We’re in the middle of the dog days of summer. I can see the Fall Conference slam around the corner as I plan my various itineraries. Plus, my children just found out who their teachers will be this Fall. So, Fall is just around the corner. In the 110 degree heat of Las Vegas, that’s a very good thing. It’s always hot in the summer in Las Vegas, but this is really hot.
Enough with the digressions. Time to take a quick look at some of the interesting EMR and health IT tweets.
Ariana Markle @GoldAtlantis
Dying for Data: Comprehensive #EMR systems promise to save lives and cut #healthcare costs –but how do you build it? http://spectrum.ieee.org/biomedical/diagnostics/dying-for-data
The article linked in this tweet is really interesting. It starts with a really compelling story. Something that the patient advocates will love if they haven’t seen it already. The problem is that EMR implementation on its own still doesn’t solve the problem that’s described in the story. The real solution is some sort of HIE or portability of patient data. EHR is one step towards that, but is still far away from that state of healthcare portability nirvana.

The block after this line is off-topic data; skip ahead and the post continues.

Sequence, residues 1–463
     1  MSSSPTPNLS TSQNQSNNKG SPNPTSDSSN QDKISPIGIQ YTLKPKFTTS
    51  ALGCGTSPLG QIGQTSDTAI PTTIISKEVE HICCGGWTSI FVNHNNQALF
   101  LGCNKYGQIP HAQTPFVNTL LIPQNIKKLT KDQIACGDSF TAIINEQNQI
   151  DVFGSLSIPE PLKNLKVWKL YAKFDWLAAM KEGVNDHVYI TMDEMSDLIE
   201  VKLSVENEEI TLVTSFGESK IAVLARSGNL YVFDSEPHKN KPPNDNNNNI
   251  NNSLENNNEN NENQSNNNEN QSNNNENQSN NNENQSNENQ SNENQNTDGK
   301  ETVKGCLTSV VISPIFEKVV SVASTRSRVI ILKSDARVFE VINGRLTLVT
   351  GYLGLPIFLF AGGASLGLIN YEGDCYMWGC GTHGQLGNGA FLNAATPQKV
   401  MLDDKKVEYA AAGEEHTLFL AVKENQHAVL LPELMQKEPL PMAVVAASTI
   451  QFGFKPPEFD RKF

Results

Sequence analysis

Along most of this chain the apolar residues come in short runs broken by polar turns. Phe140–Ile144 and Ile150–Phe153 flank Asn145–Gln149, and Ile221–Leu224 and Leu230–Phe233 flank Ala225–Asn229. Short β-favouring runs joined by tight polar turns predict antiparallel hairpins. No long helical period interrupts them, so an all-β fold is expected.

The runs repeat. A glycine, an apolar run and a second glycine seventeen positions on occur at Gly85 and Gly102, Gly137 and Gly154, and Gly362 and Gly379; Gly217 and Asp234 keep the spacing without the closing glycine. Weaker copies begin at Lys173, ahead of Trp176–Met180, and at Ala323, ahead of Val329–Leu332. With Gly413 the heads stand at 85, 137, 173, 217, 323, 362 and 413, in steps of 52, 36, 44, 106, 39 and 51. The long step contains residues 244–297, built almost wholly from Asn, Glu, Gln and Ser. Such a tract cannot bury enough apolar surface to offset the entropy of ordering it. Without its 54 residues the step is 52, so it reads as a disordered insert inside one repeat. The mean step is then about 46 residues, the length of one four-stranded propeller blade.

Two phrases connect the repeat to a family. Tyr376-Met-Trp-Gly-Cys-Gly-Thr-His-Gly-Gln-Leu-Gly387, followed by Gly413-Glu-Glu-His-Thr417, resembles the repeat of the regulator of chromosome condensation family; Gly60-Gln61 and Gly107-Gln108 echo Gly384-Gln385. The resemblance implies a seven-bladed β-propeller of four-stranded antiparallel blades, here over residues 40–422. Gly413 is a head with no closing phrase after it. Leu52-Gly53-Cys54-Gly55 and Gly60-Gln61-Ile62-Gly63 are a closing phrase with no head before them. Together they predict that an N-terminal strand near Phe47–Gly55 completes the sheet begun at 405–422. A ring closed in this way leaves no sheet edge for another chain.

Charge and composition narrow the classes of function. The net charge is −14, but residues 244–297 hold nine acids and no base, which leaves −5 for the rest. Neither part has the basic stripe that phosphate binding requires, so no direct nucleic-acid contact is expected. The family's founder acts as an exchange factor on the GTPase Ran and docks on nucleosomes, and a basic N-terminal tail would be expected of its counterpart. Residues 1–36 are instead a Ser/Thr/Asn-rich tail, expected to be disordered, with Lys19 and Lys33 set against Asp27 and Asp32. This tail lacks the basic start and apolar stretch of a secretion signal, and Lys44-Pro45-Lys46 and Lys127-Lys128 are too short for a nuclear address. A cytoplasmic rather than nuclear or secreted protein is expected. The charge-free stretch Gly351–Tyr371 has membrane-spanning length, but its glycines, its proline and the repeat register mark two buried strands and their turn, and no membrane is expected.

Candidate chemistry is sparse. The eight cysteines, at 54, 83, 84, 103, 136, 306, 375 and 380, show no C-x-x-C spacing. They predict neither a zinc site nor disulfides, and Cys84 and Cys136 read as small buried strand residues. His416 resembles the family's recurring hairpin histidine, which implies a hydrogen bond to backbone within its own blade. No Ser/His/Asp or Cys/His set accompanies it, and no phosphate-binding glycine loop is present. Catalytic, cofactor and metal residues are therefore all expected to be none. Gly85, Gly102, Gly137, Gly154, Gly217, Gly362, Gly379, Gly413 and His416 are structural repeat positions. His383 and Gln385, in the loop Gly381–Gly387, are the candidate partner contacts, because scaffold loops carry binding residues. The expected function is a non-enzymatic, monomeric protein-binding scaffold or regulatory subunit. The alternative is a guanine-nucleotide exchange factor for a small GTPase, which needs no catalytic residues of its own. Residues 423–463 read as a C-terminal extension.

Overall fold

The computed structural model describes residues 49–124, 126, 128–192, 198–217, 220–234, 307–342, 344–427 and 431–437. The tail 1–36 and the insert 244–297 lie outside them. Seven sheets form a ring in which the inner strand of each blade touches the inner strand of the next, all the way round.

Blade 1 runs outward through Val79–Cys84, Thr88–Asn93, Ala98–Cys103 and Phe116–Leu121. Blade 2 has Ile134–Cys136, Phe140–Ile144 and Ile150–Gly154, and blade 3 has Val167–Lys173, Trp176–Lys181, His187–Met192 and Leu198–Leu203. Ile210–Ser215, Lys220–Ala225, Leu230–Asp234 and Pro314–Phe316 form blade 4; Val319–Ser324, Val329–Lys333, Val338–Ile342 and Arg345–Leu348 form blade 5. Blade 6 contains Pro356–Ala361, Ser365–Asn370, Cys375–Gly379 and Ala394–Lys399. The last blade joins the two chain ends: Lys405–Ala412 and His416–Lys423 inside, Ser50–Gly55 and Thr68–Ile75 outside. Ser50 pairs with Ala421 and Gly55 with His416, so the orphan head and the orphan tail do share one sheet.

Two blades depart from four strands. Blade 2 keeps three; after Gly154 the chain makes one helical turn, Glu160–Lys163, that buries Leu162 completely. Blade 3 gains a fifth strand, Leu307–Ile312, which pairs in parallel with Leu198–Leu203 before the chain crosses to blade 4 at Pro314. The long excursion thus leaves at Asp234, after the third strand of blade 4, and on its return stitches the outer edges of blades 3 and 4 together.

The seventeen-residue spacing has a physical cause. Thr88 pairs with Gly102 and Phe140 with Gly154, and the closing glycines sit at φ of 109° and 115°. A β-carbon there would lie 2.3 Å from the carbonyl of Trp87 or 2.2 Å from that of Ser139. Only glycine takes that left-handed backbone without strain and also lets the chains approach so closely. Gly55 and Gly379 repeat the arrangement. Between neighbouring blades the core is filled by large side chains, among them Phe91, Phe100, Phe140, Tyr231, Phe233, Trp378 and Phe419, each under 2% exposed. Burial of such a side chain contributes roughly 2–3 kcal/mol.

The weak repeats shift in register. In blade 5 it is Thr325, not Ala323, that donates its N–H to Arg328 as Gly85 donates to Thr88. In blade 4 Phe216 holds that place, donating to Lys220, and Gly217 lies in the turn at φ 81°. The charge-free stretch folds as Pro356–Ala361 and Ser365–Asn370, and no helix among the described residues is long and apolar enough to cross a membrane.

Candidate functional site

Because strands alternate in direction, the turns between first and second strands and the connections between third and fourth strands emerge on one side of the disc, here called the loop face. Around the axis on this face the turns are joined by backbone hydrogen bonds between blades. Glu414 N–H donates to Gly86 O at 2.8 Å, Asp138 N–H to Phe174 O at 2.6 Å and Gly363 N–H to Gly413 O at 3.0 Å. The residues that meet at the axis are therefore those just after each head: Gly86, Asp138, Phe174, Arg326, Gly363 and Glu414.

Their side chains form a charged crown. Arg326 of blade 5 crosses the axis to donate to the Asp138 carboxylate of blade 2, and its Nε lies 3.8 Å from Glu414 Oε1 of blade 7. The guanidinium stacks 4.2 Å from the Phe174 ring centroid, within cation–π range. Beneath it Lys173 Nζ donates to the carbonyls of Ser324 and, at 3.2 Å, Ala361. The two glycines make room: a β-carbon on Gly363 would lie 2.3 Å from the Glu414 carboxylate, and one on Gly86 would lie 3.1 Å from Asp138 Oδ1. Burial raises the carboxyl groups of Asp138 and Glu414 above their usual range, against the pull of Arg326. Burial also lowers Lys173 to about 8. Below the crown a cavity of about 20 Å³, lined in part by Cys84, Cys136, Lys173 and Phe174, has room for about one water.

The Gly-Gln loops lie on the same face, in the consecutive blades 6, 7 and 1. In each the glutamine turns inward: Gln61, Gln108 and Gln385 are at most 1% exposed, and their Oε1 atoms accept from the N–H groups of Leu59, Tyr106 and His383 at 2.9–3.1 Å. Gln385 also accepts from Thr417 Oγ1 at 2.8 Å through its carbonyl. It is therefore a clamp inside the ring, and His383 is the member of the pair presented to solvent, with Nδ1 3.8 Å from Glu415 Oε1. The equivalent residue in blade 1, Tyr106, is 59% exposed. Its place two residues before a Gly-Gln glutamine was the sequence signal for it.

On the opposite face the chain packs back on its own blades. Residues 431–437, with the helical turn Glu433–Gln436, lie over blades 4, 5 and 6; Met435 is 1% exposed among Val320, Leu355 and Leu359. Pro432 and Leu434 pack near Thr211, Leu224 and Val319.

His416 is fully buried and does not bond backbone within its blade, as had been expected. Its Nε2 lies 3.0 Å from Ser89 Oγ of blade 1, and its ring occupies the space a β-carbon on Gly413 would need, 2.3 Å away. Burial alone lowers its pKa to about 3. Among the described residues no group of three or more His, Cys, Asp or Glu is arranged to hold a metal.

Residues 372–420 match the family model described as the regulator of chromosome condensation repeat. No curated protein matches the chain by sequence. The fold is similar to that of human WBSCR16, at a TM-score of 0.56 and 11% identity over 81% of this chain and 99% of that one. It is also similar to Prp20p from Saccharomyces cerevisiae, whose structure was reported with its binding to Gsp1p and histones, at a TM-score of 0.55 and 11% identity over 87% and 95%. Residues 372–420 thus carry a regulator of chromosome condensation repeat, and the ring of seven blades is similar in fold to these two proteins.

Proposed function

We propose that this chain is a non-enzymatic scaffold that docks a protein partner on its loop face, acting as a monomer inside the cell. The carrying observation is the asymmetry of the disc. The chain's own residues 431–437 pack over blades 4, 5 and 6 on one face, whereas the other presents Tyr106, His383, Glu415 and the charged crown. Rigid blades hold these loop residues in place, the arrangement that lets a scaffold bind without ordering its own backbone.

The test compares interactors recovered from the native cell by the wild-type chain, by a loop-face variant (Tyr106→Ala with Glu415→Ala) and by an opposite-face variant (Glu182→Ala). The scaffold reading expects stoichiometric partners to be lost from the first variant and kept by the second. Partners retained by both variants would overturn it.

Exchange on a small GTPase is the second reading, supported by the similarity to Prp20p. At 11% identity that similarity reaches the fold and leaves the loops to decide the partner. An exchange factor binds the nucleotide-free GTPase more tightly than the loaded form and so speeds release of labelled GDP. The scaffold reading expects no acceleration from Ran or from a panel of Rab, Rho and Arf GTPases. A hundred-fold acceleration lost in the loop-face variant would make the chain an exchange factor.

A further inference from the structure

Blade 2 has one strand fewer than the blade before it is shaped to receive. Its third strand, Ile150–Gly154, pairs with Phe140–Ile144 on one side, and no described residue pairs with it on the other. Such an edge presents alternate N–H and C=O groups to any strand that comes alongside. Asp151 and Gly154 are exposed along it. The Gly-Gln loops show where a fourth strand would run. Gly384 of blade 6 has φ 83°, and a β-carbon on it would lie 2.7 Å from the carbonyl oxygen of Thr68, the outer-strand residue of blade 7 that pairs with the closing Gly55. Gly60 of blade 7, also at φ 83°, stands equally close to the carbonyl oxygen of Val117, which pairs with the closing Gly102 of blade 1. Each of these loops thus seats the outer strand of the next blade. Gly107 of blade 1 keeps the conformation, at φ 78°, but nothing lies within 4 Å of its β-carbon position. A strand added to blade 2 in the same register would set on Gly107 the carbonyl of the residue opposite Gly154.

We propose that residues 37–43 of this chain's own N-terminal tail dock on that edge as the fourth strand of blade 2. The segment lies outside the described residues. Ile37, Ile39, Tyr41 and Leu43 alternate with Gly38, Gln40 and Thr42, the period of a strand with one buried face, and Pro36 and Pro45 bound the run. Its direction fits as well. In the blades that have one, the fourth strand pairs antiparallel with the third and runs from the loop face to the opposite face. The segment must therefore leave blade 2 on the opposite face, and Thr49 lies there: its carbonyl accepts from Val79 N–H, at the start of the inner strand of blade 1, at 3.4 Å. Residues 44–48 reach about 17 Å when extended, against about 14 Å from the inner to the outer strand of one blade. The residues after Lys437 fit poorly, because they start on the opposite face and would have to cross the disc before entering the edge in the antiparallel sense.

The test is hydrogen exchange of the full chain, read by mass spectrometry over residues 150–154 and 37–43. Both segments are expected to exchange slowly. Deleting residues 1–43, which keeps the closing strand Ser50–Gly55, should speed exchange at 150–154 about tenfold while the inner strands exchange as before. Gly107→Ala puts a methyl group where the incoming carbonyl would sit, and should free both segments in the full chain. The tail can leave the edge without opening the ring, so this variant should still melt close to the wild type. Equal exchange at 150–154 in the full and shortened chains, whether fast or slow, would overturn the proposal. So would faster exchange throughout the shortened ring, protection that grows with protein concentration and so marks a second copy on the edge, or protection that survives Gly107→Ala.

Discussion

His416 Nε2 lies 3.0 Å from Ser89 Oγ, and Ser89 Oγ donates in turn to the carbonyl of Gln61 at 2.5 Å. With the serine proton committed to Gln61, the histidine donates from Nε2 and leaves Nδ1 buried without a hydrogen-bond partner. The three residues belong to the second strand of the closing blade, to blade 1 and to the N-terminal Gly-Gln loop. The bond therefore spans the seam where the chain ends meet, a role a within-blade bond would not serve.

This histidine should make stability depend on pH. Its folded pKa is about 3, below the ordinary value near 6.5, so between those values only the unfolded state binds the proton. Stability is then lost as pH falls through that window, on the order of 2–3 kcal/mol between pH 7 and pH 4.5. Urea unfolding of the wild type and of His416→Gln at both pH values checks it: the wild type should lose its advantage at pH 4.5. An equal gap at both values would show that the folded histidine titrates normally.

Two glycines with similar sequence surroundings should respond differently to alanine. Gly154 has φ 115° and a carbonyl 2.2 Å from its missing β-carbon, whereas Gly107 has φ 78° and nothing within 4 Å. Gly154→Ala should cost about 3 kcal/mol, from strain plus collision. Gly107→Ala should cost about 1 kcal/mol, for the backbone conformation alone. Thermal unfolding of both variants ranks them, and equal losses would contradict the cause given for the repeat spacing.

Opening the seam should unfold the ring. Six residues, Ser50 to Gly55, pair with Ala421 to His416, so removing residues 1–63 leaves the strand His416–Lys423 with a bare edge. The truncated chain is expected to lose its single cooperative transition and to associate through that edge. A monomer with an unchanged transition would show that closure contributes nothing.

I love doing EMR on my 27″ iMac.I can view a full CXR and write a note at the same time!No clicking around.
— Jonathan,DO,MS,NCC (@DrJonathan) August 11, 2012
Nice to see a doctor who loves his EMR. Even better than a 27″ screen in most cases is dual monitors. I can’t imagine life without dual monitors. I’m not sure why doctors do without it as well.
— Blackford Middleton (@bfm) August 7, 2012
I just don’t agree with all the people talking about widespread EHR consolidation. Here’s a great quote from the article that actually supports the lack of EHR consolidation as well:
Ironically, according to Mercom Capital Group roughly $150m in venture capital has been poured into the EMR/EHR market in the last 18 months, pointing to continued confidence (or overconfidence!) in this space.
It’s not ironic. We’re in the golden age of EHR. We won’t see many folding up shop for quite a while.
Dr. Johns: “It’s the right thing to do (EMR initiation).It’s happening.”
— A. Patrick Jonas, MD (@apjonas) August 4, 2012
The core thing for me in this tweet is that EMR is happening. Doctors can continue to resist, but EMR is going to happen. It was temporarily delayed while doctors waited for meaningful use. Now, many are going after the EHR incentive money. Eventually doctors won’t know life without an EMR.